Mid/South Contributors: Jack B. Bedell
Learn more about one of the Poets Laureate who contributed to our first anthology
I’ve admired Jack’s work for a while, so when we decided to start this press I was lucky twice over—first to receive some original poems from Jack for our inaugural Mid/South Anthology, and then to get the chance to publish his latest chapbook, All the Woods’ Wild: The Swamp Witch of Maurepas. To celebrate the release of Jack’s chap today, we’re sharing a little more about his work below.
Name: Jack B. Bedell
Current Location: Hammond, LA
Links: www.jackbbedell.com | Twitter: @jackbedell | Instagram: @jackbbedell
Bio: Jack B. Bedell is Professor of English at Southeastern Louisiana University where he also edits Louisiana Literature and directs the Louisiana Literature Press. Jack’s work has appeared in HAD, Rejection Letters, Pidgeonholes, The Shore, Cotton Xenomorph, Okay Donkey, EcoTheo Review, and other journals. His most recent collection is Against the Woods’ Dark Trunks (Mercer University Press, 2022). He served as Louisiana Poet Laureate 2017-2019.
1. How would you describe your work overall? Do you have other publications you’d like us to highlight?
My most recent work focuses on ecology, folklore, and culture in South Louisiana. I released a new collection of poetry at Mercer University Press in October, Against the Woods’ Dark Trunks, and have another slated for publication at Mercer in Spring 2024, Ghost Forest. My current projects include a book-length series of ecopoems written from the POV of the DC Comics character Swamp Thing and a series of poems based on the life of John Ruskin.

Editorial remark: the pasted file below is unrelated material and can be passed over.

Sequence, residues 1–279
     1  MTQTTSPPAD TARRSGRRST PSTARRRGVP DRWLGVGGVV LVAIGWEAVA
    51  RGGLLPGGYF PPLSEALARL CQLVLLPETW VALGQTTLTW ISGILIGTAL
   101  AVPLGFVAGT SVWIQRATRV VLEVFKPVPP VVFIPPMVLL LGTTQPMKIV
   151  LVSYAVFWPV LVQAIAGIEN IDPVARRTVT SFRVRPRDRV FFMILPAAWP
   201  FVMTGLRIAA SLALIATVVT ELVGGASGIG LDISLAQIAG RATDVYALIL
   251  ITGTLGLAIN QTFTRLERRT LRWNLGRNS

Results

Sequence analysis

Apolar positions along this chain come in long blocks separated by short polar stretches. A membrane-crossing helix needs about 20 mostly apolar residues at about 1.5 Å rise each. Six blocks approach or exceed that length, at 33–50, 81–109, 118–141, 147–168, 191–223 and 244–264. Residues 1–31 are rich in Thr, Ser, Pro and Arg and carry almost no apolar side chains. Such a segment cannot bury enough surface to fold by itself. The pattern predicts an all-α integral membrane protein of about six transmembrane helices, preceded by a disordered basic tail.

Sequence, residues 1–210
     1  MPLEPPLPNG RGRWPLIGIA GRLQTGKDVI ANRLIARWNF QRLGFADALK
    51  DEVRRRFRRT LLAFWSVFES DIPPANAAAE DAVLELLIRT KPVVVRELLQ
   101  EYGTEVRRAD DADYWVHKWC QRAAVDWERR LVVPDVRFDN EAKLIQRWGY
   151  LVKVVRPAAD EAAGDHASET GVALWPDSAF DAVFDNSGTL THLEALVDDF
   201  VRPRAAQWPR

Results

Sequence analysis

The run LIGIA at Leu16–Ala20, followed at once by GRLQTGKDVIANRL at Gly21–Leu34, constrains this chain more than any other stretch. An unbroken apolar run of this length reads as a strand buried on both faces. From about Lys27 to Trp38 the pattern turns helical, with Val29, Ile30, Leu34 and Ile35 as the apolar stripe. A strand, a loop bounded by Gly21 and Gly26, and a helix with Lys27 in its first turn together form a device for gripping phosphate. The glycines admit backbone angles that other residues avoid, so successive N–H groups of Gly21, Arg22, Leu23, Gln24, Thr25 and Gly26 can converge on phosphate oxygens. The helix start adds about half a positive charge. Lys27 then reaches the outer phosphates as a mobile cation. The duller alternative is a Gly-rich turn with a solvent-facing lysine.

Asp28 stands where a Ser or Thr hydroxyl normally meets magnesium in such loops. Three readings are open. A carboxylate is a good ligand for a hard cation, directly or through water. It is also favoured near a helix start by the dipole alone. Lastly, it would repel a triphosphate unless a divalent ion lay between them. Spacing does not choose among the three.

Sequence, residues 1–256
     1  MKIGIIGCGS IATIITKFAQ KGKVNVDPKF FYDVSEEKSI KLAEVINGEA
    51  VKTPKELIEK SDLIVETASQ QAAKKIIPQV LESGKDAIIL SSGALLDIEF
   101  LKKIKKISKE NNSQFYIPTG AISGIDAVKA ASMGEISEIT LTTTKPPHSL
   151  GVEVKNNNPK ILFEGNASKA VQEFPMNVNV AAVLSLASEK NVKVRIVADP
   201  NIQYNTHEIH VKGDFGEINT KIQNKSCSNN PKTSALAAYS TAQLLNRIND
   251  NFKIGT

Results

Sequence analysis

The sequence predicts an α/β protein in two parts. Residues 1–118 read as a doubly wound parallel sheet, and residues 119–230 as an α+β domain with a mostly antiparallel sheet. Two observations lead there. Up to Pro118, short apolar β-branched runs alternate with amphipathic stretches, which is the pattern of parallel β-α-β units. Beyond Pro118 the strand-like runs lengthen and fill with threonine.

2. How does the Mid-South and/or larger Southern region influence your perspective?
Since I started writing decades ago, my goal has always been to honor and celebrate South Louisiana for its people, landscape, ecology, culture, and folklore. I am as much a product of South Lousiana as anyone could possibly be. It’s my home and I owe the region a tremendous debt, one I’ve tried to repay with every poem I’ve written.
3. What do you wish more people knew about this area?
Two things I wish everyone knew about South Louisiana:
How truly diverse our community is and how unique a mix of cultures South Louisiana boasts
How fragile and how important our ecology is, especially our wetlands and coastal regions
We’re grateful for all the support Jack brings to our community and hope you’ll pick up a copy of his fantastic chapbook.
And be sure to join us on Thursday, 3/30 at 7pm Central for our virtual finale reading with Jack and our other chapbook authors! Sign up here at the Zoom link and order the series so you can read along.
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